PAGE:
By Carleton English and Al Root
Oct. 20, 2020
With Election Day two weeks away, investors are increasingly concerned with how they should position their portfolio. If history is any guide, they have little reason to worry.
Looking historically at the two-week run up to a presidential election yields similar results to a review Barron’s ran in July when there were 100 days until the election. In that review, Barron’s found that there is about an 80% chance the S&P 500 rises in the 100 days before the election, based on election data dating back to 1928. That compares to 60% odds for a rise in any other 100-day period.
There’s a similar chance that the S&P 500 rises in the two weeks leading up to election day. The average gains look attractive, too. The average rise for the S&P 500 in the two-week run up is about 1.8%. The average rise over any two-week span is about 0.3%.
Barron’s also sliced and diced the numbers to see if there is a difference in performance when one party is in power going into an election, finding that the average gain in the two weeks leading up to an election when Republicans were in power was about 3.3%. The average gain when a Democrat helds the nation’s top elected office was about 1.1%.
Don’t read too much to read into the party results. There are only 23 elections in total, too small of a sample size to be meaningful, especially since each election is mired in its own circumstances: wars, depressions, recessions, and, in the case of 2020, a global pandemic.
Though there is one thing to note from the figures: The nation has been split, politically, for a long time. Democrats have been incumbents 12 times. Republicans, including 2020, have been incumbents 12 times as well.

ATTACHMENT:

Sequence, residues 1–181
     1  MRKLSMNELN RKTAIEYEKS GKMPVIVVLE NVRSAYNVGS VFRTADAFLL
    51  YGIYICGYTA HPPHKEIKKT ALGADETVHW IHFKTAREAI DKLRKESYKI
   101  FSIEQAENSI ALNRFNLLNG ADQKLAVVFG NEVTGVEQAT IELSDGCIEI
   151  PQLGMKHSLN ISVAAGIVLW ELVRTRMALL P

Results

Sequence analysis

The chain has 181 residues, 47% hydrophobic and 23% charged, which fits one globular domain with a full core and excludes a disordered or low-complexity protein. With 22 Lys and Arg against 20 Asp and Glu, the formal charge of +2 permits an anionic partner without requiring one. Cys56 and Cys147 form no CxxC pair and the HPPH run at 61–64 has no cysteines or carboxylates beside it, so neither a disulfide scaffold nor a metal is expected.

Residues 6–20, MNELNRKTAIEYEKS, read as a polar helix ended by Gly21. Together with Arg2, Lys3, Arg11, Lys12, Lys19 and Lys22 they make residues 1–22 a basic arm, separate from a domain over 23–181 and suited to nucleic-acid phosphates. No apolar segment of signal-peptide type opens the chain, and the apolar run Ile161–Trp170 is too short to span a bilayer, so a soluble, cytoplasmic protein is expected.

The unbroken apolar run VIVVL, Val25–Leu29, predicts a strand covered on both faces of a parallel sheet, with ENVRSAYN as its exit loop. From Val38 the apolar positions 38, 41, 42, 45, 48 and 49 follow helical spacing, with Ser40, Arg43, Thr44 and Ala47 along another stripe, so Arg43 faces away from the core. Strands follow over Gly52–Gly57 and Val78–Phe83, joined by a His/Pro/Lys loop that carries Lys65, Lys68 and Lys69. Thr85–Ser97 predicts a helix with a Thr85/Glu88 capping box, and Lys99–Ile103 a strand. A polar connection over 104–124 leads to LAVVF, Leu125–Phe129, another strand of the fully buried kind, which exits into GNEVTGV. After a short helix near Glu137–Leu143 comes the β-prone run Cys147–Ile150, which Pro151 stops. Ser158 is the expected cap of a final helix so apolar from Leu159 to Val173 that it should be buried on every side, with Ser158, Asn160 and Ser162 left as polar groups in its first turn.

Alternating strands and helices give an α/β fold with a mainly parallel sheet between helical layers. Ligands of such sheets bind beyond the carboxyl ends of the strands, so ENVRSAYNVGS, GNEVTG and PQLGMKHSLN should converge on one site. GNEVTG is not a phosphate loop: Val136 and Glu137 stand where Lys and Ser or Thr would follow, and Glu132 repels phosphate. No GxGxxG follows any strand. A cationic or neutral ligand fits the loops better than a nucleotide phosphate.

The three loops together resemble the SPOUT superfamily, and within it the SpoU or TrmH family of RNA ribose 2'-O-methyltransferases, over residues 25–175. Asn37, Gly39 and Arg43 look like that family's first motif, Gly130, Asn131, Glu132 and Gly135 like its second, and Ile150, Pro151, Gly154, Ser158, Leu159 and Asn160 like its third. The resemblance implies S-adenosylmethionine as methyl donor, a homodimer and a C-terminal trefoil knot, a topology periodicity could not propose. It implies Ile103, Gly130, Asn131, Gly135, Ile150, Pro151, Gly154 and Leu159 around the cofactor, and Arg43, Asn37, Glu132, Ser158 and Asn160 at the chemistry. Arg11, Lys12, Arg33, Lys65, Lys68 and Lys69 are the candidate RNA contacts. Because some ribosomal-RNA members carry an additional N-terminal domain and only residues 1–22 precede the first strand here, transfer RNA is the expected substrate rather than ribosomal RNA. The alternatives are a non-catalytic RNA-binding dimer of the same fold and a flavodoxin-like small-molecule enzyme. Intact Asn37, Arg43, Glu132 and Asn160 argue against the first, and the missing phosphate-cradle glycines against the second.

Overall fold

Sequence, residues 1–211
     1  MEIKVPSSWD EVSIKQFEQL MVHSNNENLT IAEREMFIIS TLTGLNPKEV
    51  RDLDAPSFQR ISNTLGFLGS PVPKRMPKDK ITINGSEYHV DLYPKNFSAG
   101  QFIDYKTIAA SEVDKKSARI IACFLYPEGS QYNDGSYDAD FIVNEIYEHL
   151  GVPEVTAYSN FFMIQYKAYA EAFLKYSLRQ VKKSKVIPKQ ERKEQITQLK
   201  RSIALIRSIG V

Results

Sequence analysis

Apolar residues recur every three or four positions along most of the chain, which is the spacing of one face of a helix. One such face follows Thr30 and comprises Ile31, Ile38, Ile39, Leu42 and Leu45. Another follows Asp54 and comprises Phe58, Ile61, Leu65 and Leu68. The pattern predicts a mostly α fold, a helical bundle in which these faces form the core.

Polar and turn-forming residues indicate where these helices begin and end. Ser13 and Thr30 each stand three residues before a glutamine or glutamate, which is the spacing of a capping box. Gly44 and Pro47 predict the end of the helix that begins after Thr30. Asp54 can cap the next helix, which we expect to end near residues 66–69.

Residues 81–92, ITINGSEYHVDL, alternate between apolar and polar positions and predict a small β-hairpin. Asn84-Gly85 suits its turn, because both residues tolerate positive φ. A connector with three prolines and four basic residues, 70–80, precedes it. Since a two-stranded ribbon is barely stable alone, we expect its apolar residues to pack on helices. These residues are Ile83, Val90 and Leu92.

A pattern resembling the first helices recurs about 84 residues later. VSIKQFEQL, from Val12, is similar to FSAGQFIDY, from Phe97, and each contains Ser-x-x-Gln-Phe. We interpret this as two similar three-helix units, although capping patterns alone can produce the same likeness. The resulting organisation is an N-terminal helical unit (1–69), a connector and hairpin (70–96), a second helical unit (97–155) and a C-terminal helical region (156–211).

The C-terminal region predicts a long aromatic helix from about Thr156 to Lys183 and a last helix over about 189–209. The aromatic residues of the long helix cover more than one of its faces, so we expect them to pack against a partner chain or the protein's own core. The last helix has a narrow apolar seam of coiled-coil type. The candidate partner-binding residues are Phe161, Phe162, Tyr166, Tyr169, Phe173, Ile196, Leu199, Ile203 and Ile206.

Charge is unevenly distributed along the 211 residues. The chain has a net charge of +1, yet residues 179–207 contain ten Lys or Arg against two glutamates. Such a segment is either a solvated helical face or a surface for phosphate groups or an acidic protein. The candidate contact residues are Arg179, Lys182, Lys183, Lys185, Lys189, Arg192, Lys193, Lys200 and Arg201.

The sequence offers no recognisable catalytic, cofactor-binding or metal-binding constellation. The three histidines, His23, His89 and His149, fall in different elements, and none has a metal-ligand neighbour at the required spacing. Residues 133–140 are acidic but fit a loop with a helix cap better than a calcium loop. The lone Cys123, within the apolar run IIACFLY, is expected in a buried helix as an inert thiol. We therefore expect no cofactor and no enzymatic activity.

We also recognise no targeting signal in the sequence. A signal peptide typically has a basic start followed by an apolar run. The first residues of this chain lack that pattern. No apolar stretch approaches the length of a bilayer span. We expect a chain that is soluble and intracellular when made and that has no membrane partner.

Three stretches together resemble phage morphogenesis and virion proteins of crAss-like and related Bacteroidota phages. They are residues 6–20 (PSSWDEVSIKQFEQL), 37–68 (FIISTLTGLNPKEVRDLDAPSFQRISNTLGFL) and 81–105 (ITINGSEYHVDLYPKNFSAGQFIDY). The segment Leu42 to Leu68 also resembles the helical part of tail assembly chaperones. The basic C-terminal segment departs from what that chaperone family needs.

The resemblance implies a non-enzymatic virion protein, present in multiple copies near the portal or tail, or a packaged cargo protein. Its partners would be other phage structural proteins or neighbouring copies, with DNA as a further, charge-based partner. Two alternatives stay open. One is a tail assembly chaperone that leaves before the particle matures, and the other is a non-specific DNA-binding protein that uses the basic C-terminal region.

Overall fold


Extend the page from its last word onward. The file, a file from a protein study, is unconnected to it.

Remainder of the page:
The reasons for improved performance around presidential elections are mysterious. One explanation is that investors hate uncertainty. Perhaps as an election approaches, investors get a better sense of who will win, alleviating some of the risk premium in the marketplace.
The eight months preceding this election has seen large parts of the economy shut down in an effort to slow the spread of the coronavirus. Unemployment, while off the lows seen in March and April, remains high and weekly jobless claims figures continue to reach historic levels. Social unrest has rocked cities since the this summer.
The past month, which saw the death of Supreme Court Justice Ruth Bader Ginsberg, President Trump’s Covid-19 diagnosis, and stimulus negotiations, has been particularly intense.
Investors, for their part, are positioning their portfolios for a “Blue Wave” in which Joe Biden wins the presidential election and Democrats take control of the House and Senate. That could be good news for so-called green stocks.
Still, investors would be wise to remember the 2016 election when polling made it appear almost certain Hillary Clinton would win the presidency. When it became clear on election night she would not win, futures markets plunged before they reversed course in trading the following day.
The takeaway for investors is there doesn’t seem to be any reason, historically speaking, to cut stock exposure immediately before a presidential election. At least that’s one less thing for investors to worry about.
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